‘Terrible’, with its rumble and thud is a key track in that it sets the scene. Here, duplicity is put on a plate and served up to the listener like a plate of bitterballen (a popular but very very “normal” fried Dutch snack) in the pub. You see, with ‘Terrible’, Lewsberg singer Arie Van Vliet wants to tell you that he has no time for moral judgements. Doing that is too difficult. There's room for everyone, as long as they don’t pester anyone else. It’s so open-minded an approach it’s worrying for a buitenlander. Where do you turn for comfort, for warmth? It’s the classic Dutch, down-to-earth way of weighing the world. It reminds me of the running joke expats tell each other about a visit to the doctors here. It goes like this. (Patient) “Doctor I have a terrible (here, you can insert any number of maladies). (Doctor) “You feel sick? Have an aspirin.” Lewsberg don’t want to rock the boat, even if guitarist Michiel Klein gets uppity now and again with his squeaks and blurts. ‘Non-Fiction Writer’ continues the same course, charting an asexual encounter that turns out to be weirdly pervy. Van & Vogel turn up again to add the right dose of melancholy (another Roffa thing) at the track’s end. This big city melancholy can feel terribly creepy, too. When Van Vliet and bassist Shalita Dietrich intone the lyrics on the lament ‘Carried Away’ a dread feeling of remove hits this reviewer. Take the couplet, “All your friends were there / And where were you?” The pair follow up this rebuke with a confession, “I don’t know what to say / I got carried away”. What on earth are they singing about? A wake? Someone missing the last Sparta Rotterdam home match? Such a deadpan but stark one-two about something we can only guess at invokes the same feeling of cold, damp, existentialist dread and mystery as Throbbing Gristle’s eerier, quieter moments.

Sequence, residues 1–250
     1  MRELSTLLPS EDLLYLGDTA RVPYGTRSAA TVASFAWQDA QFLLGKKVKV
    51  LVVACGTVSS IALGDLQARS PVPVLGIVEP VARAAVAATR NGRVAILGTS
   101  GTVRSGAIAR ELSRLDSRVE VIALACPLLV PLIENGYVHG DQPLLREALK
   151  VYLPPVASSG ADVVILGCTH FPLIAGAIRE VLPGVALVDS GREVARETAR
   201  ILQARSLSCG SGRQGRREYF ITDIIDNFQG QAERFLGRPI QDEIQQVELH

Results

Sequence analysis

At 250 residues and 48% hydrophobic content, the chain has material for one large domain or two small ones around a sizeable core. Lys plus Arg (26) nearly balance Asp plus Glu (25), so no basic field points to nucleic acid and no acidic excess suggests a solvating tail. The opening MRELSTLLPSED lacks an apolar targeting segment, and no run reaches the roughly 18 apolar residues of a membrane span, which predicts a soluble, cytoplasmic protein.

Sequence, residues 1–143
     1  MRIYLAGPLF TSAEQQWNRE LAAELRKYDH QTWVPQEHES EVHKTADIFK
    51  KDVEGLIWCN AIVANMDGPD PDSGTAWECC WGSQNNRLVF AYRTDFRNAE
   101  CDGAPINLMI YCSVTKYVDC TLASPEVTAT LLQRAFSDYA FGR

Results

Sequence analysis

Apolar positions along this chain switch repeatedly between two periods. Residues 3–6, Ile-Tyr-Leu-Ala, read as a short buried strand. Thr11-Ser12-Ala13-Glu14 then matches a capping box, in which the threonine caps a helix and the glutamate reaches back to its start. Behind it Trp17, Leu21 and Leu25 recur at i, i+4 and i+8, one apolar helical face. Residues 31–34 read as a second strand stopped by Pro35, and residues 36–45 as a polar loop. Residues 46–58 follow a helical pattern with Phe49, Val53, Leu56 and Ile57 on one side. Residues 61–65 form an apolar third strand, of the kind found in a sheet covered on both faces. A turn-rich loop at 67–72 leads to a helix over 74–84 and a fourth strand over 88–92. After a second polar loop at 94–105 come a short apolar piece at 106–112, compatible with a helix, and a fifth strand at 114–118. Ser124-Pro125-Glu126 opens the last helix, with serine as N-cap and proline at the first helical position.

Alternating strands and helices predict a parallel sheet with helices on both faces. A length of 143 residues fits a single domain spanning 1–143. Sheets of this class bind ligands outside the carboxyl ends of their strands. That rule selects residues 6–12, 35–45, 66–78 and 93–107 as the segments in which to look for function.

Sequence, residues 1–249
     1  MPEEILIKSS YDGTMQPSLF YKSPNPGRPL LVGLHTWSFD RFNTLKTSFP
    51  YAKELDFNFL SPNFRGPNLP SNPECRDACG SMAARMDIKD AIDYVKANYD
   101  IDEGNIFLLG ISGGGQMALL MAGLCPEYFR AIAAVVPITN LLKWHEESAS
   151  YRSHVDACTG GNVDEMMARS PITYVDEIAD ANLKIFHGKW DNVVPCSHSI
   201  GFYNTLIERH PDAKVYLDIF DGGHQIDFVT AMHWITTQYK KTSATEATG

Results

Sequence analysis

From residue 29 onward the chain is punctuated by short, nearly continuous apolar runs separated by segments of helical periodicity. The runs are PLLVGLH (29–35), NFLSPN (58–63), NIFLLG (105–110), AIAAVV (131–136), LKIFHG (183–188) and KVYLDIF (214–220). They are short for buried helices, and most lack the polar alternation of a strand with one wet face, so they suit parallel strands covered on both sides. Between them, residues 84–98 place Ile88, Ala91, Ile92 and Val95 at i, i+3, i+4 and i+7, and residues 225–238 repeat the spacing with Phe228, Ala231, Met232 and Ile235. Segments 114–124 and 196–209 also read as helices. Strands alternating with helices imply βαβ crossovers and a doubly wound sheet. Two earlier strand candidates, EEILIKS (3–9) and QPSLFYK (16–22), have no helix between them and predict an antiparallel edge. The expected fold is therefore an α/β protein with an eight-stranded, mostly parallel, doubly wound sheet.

Another thing to note is the machine-like nature of the band. After a few listens you realise that Lewsberg press songs out like a cannery on the Maasvlakte. Like Warhol’s drawings of Campbell’s soup tins, they’ve made a standard template containing different flavours, all under the reassuring Lewsberg brand. Take ‘The Smile’; a classic mid-tempo Lewsberg rocker that chugs along courtesy of that thud, that bass rumble, that mind-shaking guitar-spaghetti from meneer Klein and those ambiguous, sanguine lyrics, chewing away at your ideas of how we “should” or “shouldn’t” communicate with each other. It gets to you, this poetic emptiness. It gets to you, this deliberate standardisation. Making art consumable, standard, pop for the masses, like Gard Sivik did in the early 60s. Look what happened to them.